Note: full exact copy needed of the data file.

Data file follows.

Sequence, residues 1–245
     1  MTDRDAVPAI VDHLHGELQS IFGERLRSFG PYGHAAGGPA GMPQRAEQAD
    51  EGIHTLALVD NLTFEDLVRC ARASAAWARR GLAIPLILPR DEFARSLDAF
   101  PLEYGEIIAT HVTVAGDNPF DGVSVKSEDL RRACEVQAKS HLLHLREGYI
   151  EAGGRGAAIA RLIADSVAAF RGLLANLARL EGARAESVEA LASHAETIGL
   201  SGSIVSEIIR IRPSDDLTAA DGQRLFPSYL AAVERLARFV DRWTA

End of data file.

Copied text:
Sequence, residues 1–245
     1  MTDRDAVPAI VDHLHGELQS IFGERLRSFG PYGHAAGGPA GMPQRAEQAD
    51  EGIHTLALVD NLTFEDLVRC ARASAAWARR GLAIPLILPR DEFARSLDAF
   101  PLEYGEIIAT HVTVAGDNPF DGVSVKSEDL RRACEVQAKS HLLHLREGYI
   151  EAGGRGAAIA RLIADSVAAF RGLLANLARL EGARAESVEA LASHAETIGL
   201  SGSIVSEIIR IRPSDDLTAA DGQRLFPSYL AAVERLARFV DRWTA